Thomas Hardy

Thomas Hardy

Thomas Hardy Thomas Hardy[1†]

Thomas Hardy (June 2, 1840 – January 11, 1928) was an English novelist, poet, and short story writer[1†]. Born in Higher Bockhampton, Dorset, England, Hardy was the eldest of the four children of Thomas Hardy, a stonemason and jobbing builder, and his wife, Jemima (née Hand)[1†][2†][1†]. He grew up in an isolated cottage on the edge of open heathland[1†][2†].

Hardy’s work is set much in Wessex, his name for the counties of southwestern England[1†][2†][1†]. His novels and poetry are marked by his largely pessimistic views on humanity[1†][3†]. Despite this, Hardy’s work has had a profound impact on literature. His novels include “Far from the Madding Crowd”, “The Mayor of Casterbridge”, “Tess of the d’Ubervilles”, and "Jude the Obscure"[1†][2†][1†].

Hardy’s writing career began as a novelist, with his first novel “Desperate Remedies” being published in 1871[1†][4†]. However, he gained fame for his later novels and was successful enough to leave the field of architecture for writing[1†][4†]. Despite his success as a novelist, Hardy regarded himself primarily as a poet, and his first collection was not published until 1898[1†].

Hardy’s work has been critically acclaimed, and he has been recognized as a mentor by younger poets[1†]. His novels and poetry have been influential, and his work continues to be celebrated today[1†].

Early Years and Education

Thomas Hardy was born on June 2, 1840, in Higher Bockhampton, Dorset, England[2†][1†]. He was the eldest of the four children of Thomas Hardy, a stonemason and jobbing builder, and his wife, Jemima (née Hand)[2†][1†]. Hardy grew up in an isolated cottage on the edge of open heathland[2†][1†]. His early experience of rural life, with its seasonal rhythms and oral culture, was fundamental to much of his later writing[2†].

Hardy was educated by his parents, especially his mother, Jemima, who was well-read and transferred her love for literature to her son[2†][5†][6†]. He was able to read before starting school[2†][6†]. At the age of eight, he spent a year at the village school[2†]. For several years, he attended Mr. Last’s Academy for Young Gentlemen in Dorchester, where he received a good grounding in mathematics and Latin[2†][1†][5†].

In 1856, at the age of sixteen, Hardy was apprenticed to John Hicks, a local architect[2†][1†][7†]. In 1862, shortly before his 22nd birthday, he moved to London and became a draftsman in the busy office of Arthur Blomfield, a leading ecclesiastical architect[2†]. Driven back to Dorset by ill health in 1867, he worked for Hicks again and then for the Weymouth architect G.R. Crickmay[2†].

Though architecture brought Hardy both social and economic advancement, it was only in the mid-1860s that lack of funds and declining religious faith forced him to abandon his early ambitions of a university education and eventual ordination as an Anglican priest[2†].

Career Development and Achievements

Thomas Hardy began his career as a novelist, with his first novel “Desperate Remedies” being published in 1871[8†][9†]. He gained fame as the author of novels such as “Far from the Madding Crowd” (1874), “The Mayor of Casterbridge” (1886), “Tess of the d’Urbervilles” (1891), and “Jude the Obscure” (1895)[8†][2†][1†][9†]. His novels are set in the semi-fictional region of Wessex, initially based on the medieval Anglo-Saxon kingdom, Hardy’s Wessex eventually came to include the counties of Dorset, Wiltshire, Somerset, Devon, Hampshire, and much of Berkshire, in south-west and south-central England[8†][1†].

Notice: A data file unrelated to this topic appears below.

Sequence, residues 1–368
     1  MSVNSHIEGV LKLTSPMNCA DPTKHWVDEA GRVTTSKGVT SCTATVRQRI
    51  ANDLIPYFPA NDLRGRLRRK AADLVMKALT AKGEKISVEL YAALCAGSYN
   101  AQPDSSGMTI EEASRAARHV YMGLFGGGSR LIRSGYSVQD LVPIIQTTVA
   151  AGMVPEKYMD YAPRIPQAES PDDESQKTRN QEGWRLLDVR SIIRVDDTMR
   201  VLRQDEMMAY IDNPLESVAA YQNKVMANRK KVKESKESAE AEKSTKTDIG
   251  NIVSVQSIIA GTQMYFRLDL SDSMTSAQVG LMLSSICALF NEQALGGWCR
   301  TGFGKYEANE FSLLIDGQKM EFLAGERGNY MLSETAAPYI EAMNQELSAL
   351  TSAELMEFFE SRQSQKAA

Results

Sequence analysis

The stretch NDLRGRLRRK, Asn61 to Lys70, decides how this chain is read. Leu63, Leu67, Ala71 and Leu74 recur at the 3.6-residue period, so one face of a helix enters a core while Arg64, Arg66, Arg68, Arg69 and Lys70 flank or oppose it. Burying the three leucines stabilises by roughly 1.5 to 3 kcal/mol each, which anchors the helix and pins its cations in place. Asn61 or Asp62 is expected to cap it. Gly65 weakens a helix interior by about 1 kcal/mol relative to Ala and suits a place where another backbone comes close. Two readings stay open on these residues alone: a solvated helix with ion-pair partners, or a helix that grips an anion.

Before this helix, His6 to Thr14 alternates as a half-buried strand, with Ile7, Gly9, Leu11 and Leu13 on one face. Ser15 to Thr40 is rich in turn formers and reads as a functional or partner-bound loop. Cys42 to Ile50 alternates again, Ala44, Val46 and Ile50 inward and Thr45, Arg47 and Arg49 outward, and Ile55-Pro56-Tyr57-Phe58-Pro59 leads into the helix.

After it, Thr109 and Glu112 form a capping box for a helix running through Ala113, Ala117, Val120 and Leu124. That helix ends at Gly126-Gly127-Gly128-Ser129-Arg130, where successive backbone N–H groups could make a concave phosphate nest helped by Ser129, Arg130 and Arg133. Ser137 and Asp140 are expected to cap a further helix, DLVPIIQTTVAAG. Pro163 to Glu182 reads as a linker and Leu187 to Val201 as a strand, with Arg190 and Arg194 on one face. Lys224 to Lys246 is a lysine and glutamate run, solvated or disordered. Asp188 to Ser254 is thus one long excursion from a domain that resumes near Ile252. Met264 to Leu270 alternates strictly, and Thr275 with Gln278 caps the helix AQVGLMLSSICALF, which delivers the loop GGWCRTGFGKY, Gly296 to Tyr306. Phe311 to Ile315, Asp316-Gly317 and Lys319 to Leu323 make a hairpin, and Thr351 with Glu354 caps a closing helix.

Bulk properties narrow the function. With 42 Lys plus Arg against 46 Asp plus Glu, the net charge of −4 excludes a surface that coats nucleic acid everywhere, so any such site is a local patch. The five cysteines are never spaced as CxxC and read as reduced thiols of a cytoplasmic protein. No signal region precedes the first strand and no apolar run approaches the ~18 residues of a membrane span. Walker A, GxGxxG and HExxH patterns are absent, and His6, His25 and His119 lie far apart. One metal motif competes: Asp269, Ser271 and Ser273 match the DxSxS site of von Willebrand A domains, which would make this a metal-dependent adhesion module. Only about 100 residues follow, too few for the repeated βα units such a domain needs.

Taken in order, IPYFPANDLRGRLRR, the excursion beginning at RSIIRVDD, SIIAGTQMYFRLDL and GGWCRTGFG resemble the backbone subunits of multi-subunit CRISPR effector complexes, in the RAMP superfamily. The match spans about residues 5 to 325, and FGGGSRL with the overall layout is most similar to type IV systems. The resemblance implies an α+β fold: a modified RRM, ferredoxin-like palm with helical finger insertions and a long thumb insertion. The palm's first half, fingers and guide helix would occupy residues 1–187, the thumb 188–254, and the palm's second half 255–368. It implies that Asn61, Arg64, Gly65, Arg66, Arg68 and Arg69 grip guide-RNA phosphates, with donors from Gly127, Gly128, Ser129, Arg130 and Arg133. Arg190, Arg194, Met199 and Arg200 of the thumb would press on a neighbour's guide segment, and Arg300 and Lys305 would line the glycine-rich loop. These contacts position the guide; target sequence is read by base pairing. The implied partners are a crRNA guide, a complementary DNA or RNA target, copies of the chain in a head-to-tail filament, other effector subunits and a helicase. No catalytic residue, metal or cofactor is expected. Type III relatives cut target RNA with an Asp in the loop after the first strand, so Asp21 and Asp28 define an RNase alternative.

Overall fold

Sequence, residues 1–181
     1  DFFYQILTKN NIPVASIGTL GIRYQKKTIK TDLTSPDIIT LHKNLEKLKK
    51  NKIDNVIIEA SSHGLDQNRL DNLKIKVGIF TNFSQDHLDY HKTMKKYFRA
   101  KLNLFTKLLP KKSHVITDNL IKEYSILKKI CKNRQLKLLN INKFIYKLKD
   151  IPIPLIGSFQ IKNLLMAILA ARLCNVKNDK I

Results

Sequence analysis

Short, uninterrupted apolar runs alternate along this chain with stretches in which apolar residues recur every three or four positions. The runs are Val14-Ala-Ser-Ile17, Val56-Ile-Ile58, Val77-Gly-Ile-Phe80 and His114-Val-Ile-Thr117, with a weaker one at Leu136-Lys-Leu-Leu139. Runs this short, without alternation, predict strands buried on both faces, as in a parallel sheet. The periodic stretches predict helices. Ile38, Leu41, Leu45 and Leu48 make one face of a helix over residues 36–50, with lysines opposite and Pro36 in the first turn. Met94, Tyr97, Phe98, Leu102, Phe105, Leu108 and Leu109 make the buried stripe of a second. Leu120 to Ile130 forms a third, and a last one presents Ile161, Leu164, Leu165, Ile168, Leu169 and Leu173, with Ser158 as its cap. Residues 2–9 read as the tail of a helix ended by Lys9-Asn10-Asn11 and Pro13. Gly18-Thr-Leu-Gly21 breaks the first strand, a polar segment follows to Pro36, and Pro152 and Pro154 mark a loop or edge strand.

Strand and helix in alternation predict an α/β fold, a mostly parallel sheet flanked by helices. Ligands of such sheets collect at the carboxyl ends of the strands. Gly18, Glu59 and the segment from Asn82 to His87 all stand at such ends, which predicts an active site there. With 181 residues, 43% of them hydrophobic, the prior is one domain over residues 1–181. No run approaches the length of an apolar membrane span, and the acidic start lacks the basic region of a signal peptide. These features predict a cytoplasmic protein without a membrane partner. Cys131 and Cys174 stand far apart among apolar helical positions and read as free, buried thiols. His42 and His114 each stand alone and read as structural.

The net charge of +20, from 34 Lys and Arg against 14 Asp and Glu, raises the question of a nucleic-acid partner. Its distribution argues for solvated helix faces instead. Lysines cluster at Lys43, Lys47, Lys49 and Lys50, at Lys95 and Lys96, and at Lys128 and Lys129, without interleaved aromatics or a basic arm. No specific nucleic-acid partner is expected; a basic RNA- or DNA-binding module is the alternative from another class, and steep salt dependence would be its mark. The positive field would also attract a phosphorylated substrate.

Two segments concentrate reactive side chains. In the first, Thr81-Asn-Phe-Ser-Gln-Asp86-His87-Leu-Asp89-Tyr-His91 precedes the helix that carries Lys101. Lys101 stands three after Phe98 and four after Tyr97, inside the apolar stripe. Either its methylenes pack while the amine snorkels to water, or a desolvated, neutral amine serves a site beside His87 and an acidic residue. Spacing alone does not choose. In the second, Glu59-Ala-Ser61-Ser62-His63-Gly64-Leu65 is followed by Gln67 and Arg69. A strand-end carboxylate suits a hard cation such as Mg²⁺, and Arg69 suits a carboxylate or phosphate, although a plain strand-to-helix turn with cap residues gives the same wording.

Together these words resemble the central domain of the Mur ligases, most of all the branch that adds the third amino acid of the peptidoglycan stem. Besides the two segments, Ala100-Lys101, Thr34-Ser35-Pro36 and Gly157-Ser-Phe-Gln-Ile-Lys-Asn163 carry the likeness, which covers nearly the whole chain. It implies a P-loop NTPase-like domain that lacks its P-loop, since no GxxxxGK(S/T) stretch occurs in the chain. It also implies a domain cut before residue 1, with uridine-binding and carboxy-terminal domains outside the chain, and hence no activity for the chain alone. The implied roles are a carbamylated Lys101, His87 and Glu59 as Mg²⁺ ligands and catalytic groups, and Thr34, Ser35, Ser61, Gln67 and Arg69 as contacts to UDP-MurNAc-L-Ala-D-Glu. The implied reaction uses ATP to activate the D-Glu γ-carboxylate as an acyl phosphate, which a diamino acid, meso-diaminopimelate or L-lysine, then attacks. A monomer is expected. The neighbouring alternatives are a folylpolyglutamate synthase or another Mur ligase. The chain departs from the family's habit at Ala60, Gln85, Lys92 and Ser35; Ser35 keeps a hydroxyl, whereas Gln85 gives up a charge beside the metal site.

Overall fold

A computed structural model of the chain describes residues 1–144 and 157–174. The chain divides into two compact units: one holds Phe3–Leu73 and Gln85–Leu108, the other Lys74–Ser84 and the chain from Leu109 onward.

Despite his success as a novelist, Hardy regarded himself primarily as a poet[8†][1†]. His first collection was not published until 1898[8†][1†]. During his lifetime, Hardy’s poetry was acclaimed by younger poets, particularly the Georgians, who viewed him as a mentor[8†][1†]. His poems were later lauded by Ezra Pound, W. H. Auden, and Philip Larkin[8†][1†].

Hardy’s long career spanned the Victorian and the modern eras[8†][9†]. He wrote fourteen novels, three volumes of short stories, and several poems between the years 1871 and 1897[8†][9†]. His work is marked by his largely pessimistic views on humanity[8†][1†]. Despite this, Hardy’s work has had a profound impact on literature[8†][1†].

First Publication of His Main Works

Thomas Hardy’s literary career began with the publication of his first professional article, “How I Built Myself a House”, in 1865[10†]. However, his first novel, “Desperate Remedies”, was not published until 1871[10†][11†][10†]. This was followed by “Under the Greenwood Tree” and “A Pair of Blue Eyes” over the next five years[10†].

Here are some of Hardy’s main works, along with the year of their first publication:

Each of these works contributed significantly to Hardy’s reputation as a novelist. For instance, “Far from the Madding Crowd”, published in 1874, was Hardy’s first critical and commercial success[10†][1†]. Similarly, “The Mayor of Casterbridge”, “Tess of the d’Urbervilles”, and “Jude the Obscure” are considered some of Hardy’s most influential works[10†][1†].